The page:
The books themselves
The Baedeker guidebooks were designed to be carried around in a coat pocket and be available for handy reference by the tourist while walking about the streets of a foreign city, or hiking up a mountain to see a mountain panorama. Therefore, the books had to be small, robust and yet easy to carry. The formula the Baedeker house came up with meets all these requirements and is a major reason why the books became so popular.
The very earliest books appeared in various bindings, as we understand it. But from the early 1840's, they were bound in yellow board covers with intricate black graphics, representing in some way the region described in the book. These are known as Biedermeier bindings - the period 1815-1848 is often (in German-speaking countries) referred to as the Biedermeier period in art and especially with reference to a style of furniture. These bindings are particularly sought after - where an edition is known to have been issued in Biedermeier boards, a note appears on the edition's page on this site.
From the late 1850's, the book covers became red with gilded text - the easily recognised format for Baedeker guidebooks. However, the typefaces on the cover varied and it wasn't until the 1870's that the typical capitals with their deep "daggers" on the initials became standard.
With the exception of some paperback editions in the 1930's, as well as some editions issued in a cassette with several individually bound sections, all bindings from the 1870's onward are in the typical red bookbinder's cloth, impregnated to resist the wetter perils of travel, and with a special not-quite-hardback feel to them, which makes them pliable enough to carry around in a pocket all day. Sometimes, English-speaking bookdealers refer to these as "limp" covers - which doesn't sound very attractive, though it is rather descriptive and also the correct bookbinder's term.
In 1889, Baedekers used, as an experiment, a consignment of pink or salmon-pink cloth, instead of the normal red. It wasn't appreciated by the public and the red soon came back. However, if you find a book from 1889 in an unusually pale colour, it isn't necessary badly faded - it could be one of these.
The page edges are marbled and two silk bookmarks, one red, one green, are attached to the inner spine.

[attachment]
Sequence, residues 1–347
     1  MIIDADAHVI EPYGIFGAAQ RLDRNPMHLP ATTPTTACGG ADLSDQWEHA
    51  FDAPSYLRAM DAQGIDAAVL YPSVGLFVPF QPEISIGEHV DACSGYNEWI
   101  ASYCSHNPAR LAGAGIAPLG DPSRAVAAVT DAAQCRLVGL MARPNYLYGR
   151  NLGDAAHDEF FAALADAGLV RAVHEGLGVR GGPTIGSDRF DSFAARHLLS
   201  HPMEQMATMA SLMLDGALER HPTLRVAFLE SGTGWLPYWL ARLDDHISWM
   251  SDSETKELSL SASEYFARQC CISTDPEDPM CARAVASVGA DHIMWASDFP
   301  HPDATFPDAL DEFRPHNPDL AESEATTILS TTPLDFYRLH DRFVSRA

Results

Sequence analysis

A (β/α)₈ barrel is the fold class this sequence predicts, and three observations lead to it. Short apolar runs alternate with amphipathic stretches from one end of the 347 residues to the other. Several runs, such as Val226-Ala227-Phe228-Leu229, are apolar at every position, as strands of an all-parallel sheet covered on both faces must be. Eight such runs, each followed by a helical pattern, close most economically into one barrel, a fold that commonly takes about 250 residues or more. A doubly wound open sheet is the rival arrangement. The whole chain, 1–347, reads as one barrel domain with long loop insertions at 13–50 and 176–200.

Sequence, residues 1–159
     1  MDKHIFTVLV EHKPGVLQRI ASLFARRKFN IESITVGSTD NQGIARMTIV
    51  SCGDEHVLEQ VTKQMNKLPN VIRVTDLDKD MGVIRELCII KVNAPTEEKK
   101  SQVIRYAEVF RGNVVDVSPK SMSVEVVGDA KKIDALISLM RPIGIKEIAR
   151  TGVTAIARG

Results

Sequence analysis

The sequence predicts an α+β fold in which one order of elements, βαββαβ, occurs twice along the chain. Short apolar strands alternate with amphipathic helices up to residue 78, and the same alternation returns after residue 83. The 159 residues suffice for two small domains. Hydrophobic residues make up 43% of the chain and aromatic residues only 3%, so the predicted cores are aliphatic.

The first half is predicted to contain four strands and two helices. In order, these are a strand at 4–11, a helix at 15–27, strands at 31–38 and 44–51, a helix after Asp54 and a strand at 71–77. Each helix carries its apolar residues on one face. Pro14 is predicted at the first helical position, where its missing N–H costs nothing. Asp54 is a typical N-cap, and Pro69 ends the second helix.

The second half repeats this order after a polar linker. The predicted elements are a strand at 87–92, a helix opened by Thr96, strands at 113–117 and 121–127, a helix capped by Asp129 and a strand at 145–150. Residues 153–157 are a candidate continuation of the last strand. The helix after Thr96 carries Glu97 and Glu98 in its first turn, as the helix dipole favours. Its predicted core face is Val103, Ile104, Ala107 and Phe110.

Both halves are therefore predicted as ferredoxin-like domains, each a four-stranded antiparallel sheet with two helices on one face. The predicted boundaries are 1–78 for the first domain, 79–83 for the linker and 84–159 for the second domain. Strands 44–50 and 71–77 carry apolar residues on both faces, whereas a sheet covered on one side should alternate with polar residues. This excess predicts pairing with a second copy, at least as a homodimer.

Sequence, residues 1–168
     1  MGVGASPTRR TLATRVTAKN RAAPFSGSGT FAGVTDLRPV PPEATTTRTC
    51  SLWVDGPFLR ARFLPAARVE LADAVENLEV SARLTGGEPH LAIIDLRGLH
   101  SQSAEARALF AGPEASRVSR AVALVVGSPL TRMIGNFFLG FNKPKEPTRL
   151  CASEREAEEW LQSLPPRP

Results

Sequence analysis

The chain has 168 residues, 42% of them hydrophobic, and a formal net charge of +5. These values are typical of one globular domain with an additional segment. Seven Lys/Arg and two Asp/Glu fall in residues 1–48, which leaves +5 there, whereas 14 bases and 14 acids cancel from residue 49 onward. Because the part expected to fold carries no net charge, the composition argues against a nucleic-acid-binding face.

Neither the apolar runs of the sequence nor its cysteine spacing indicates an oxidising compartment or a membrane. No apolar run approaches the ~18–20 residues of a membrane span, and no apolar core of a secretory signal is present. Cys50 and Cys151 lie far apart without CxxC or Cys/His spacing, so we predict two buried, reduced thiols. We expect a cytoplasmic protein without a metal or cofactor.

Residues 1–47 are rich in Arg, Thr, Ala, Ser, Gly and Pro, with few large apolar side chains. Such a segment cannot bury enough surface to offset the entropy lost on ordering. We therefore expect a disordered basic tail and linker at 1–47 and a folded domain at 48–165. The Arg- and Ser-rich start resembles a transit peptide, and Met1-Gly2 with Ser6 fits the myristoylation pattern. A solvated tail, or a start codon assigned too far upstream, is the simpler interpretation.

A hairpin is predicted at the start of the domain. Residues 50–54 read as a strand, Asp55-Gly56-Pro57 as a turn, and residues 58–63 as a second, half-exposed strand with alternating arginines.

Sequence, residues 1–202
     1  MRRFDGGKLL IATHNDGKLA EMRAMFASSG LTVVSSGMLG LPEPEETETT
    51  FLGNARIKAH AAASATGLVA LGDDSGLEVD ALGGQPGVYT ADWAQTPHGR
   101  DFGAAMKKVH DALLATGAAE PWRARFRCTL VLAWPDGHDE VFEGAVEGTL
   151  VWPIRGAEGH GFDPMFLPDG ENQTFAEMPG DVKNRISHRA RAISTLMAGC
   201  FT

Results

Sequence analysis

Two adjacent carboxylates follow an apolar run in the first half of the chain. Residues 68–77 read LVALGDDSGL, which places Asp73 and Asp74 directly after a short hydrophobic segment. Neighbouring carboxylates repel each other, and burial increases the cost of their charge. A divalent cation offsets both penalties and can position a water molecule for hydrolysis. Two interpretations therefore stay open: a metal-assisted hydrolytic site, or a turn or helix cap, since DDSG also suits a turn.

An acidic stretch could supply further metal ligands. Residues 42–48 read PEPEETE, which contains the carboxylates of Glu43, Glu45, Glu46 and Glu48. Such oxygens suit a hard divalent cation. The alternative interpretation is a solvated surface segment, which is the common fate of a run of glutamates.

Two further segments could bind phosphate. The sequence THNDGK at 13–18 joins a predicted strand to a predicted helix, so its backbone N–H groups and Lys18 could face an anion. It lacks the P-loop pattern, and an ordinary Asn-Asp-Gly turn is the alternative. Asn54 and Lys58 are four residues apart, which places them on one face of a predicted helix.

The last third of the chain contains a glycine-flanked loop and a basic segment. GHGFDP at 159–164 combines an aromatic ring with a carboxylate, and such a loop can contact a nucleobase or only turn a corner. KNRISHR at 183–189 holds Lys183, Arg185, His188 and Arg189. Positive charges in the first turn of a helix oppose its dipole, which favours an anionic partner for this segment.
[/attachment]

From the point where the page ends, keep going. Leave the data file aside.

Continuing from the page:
See special page on bindings and dustjackets (lots of pictures - about 160kB).
The books are in octavo format, meaning that each printed sheet is folded three times to make a gathering of 8 leaves, or 16 pages. You can easily verify this by looking at the bottom of right hand pages numbered 17, 33, 49 and so on - they will each have the number of the gathering printed in the bottom margin.
However, Baedekers are quite small for octavos - the sheets were cut down to make for a smaller book that would easily fit in a coat pocket. This sometimes causes mistaken identification - but ignore anybody suggesting the books are duodecimos or even sextodecimos - they are small octavos.
At some point, probably in the 1890's, the books started to be sold in dustjackets (dust wrappers). Or at least, we have never seen Baedekers older than that with surviving dustjackets. Before 1914, these were of a buff colour with plain black printing on them. After the war, dustjackets were printed in colour with an illustration on the front, either a simple map of the geographical area covered by the volume, or some stylized graphic drawing typical of the area.
Dustjackets are quite rare - most buyers probably removed them as the covers of the book itself are rather more hard-wearing than the flimsy paper dustjacket. A surviving dustjacket therefore does tend to add something to the value of the book, though they are often scruffy.
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